Exernship #1 complete. I learned tons about equine practice, but most surprisingly, I learned many things about how I feel about veterinary medicine, equine practice, and this practice in particular. I record them here to guide me when selecting future externships.
Things I learned:
Veterinary medicine is 100% the profession for me. I don't know how I ever thought I could do anything different. It is creative and cerebral, with little down time. It encourages and requires continued learning.
I love equine practice. More importantly, I am convinced that I could do it. The fact that I have never competed in eventing or high-school dressage does not need to stand in the way of my becoming an equine vet it it is what I want to do.
I like ambulatory practice a surprising amount. My revelation is that ambulatory practitioners in California, as compared to the Midwest, do not have to drive in the snow. Those double-lined insulated coveralls I have had my eye on would not be necessary. Hopefully, my net externship will be at a clinic with a larger inpatient population so I can compare the lifestyles of hospitalists and ambulatory practitioners. Although I am leaning towards internal medicine, the idea of having a truck of my own with a fully-stocked vet box in the back is exciting.
I am a know-it-all, but sometimes this is okay. I think 24 years into my life I have finally learned how to not be obnoxious about it, because that just doesn't make you any friends. I was lucky in that several of the vets at the practice were academically-minded, and enjoyed discussing arcana of anatomy, parasitology, and other subjects with which I have just been acquainted. This is reassuring, because I have met other vets who have an "I don't remember that crap" attitude about vet school. This is demoralizing when the majority of your time is spent learning and being tested on that "crap." At this practice, I met vets of the sort that I want to be.
I crave to be told I am doing a good job. This is not a good thing, because someday I will be in a situation where I need the conviction that I am practicing good medicine whether or not someone tells me so.
Wherever I end up interning, I want to make sure there is good mentorship. Nothing builds my confidence as much as performing a procedure with someone there to watch and correct me if necessary. I also believe that at times, you have to drive your own experience as regards mentorship. Looking at the two different interns and my perceptions of their experiences, I suspect that the extent to which you feel comfortable asking for what you need determines what you get. I need to remember to be clear about requesting to be taught things and to ask or assistance often.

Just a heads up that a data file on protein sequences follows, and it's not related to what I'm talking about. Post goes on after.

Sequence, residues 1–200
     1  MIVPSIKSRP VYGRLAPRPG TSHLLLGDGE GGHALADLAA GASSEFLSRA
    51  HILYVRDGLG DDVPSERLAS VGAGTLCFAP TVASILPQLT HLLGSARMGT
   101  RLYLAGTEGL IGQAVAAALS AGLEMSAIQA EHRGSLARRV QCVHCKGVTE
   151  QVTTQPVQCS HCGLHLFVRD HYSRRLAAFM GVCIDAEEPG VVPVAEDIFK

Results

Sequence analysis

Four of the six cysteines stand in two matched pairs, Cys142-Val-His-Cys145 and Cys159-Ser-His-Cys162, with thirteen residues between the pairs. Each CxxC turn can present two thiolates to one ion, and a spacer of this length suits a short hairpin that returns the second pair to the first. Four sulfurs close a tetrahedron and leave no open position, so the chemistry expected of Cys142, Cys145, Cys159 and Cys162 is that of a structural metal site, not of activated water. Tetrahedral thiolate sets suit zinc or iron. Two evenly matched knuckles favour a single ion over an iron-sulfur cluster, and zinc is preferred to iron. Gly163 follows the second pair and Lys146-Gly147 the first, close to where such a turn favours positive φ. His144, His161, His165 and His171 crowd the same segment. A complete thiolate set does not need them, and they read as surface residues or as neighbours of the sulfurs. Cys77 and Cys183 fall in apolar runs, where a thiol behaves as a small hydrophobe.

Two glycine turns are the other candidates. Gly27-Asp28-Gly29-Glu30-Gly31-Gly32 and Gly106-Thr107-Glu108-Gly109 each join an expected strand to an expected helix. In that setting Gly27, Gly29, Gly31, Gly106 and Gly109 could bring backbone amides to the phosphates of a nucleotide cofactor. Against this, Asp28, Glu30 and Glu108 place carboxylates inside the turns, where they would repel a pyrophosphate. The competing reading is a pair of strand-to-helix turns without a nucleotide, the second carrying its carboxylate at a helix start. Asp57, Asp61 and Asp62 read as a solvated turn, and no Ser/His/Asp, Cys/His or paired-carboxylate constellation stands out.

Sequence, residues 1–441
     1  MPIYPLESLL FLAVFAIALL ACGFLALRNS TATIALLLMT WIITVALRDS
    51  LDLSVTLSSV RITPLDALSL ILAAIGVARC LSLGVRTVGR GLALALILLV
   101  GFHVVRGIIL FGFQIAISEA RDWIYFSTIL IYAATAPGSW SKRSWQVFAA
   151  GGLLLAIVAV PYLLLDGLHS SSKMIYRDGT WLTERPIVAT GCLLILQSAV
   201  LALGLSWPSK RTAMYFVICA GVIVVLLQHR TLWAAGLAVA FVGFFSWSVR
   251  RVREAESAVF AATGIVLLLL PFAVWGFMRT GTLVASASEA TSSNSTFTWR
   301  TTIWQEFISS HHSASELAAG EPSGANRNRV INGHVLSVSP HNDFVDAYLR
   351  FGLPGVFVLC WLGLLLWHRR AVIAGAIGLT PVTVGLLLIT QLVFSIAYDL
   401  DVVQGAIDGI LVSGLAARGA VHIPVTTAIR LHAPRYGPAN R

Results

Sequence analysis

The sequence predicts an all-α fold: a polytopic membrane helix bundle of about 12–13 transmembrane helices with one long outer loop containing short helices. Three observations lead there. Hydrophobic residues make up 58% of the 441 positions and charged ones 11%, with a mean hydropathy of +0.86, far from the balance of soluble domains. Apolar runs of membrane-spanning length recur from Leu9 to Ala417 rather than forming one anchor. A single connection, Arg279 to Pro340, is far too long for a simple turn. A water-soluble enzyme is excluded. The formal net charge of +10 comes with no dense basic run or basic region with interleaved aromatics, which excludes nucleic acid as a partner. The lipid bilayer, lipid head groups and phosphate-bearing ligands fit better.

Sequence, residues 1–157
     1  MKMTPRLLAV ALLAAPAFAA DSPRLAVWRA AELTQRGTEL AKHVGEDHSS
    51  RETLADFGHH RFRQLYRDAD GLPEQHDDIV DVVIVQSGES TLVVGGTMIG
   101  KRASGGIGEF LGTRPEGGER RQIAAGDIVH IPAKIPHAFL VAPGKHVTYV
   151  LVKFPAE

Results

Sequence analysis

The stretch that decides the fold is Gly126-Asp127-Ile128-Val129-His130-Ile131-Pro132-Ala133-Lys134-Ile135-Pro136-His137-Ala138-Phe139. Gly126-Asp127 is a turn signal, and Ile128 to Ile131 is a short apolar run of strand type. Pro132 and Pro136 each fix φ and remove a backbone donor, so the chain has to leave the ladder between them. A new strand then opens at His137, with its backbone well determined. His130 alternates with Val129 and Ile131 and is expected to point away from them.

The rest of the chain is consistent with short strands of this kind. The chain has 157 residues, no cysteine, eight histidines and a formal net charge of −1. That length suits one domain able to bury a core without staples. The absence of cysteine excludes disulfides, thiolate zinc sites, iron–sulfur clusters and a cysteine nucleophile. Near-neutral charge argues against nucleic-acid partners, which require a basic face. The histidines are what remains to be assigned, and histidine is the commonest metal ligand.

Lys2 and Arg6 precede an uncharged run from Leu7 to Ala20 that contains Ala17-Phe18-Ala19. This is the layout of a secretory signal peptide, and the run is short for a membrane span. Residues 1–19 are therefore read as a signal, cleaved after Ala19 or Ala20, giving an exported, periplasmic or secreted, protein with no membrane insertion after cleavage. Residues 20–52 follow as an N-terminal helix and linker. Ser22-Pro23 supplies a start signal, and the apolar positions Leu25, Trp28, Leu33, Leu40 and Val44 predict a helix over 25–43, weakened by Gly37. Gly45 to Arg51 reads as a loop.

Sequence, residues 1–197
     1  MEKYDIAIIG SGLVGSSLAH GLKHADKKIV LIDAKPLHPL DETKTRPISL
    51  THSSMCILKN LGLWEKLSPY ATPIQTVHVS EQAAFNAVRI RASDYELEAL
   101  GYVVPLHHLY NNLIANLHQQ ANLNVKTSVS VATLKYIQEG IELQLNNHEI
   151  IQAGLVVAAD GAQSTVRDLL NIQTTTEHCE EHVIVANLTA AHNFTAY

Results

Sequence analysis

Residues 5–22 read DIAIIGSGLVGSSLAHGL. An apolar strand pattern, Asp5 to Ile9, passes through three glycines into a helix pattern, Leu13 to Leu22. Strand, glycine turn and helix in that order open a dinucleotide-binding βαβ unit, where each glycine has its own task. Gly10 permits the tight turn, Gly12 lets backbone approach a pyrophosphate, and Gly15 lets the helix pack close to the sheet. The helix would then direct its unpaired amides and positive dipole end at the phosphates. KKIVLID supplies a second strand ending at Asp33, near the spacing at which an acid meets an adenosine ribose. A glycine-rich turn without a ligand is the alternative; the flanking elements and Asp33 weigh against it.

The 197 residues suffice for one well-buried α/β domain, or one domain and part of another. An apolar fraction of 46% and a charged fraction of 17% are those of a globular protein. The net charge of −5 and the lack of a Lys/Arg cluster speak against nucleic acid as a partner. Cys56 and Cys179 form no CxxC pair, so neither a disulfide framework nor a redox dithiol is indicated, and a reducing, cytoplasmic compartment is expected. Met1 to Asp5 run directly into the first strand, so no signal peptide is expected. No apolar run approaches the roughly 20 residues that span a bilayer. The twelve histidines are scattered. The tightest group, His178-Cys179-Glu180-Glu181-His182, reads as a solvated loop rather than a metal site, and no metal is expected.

Getting along with the techs and clinicians is paramount to one's happiness in a workplace. A little friendliness and a lot of humility go a long way. This practice had almost exclusively wonderful people.
To pack next time:
Chapstick with SPF: I fear my lips lost out on my fastidious sun-protection regimen
Electrolyte water: boy was it hard to stay hydrated jogging horses in the midday sun. I thought I would be alright with plain water, since the weather is much less humid than I am used to. Instead, I was just dehydrated the whole time and now I feel really hungover.
Polos: kind of the extern uniform. I hate polos, so I did not shell out the money to buy them just for this externship. But I think next time I will.
Twice as many homemade granola bars: little rectangles of peanut buttery, almondy, dried fruit-y, chocolate chip-y joy. Good for breakfast, lunch or dinner. One of these has enough energy to keep you going for hours at a time. That's probably why I ran out one week in.
A camera: well, actually, an iPhone. Once I have one. Good for taking pictures of cool cases, using as a watch for TPRs, making notes, setting timers, looking up drug info, calculating drug doses- I need one of these. Really.
Things to not pack next time:
A sundress: wishful thinking. It was not really warm enough by the time I got off work, anyway.
When I left, the clinic was effusive in their praise of me, which made me blush. They encouraged me to come back, which I would love to do. I will actually miss all the people there, and I will definitely miss the daily routine, which I was just getting down. I scheduled this externship as kind of a "throwaway" externship to get my feet wet in equine practice, since I am not a fourth year and am therefore not a candidate for internship next year. I ended up loving it. I thrived. I eventually felt like part of a team. Although I need to visit as many clinics as possible, I will definitely try to come back to this clinic in future years.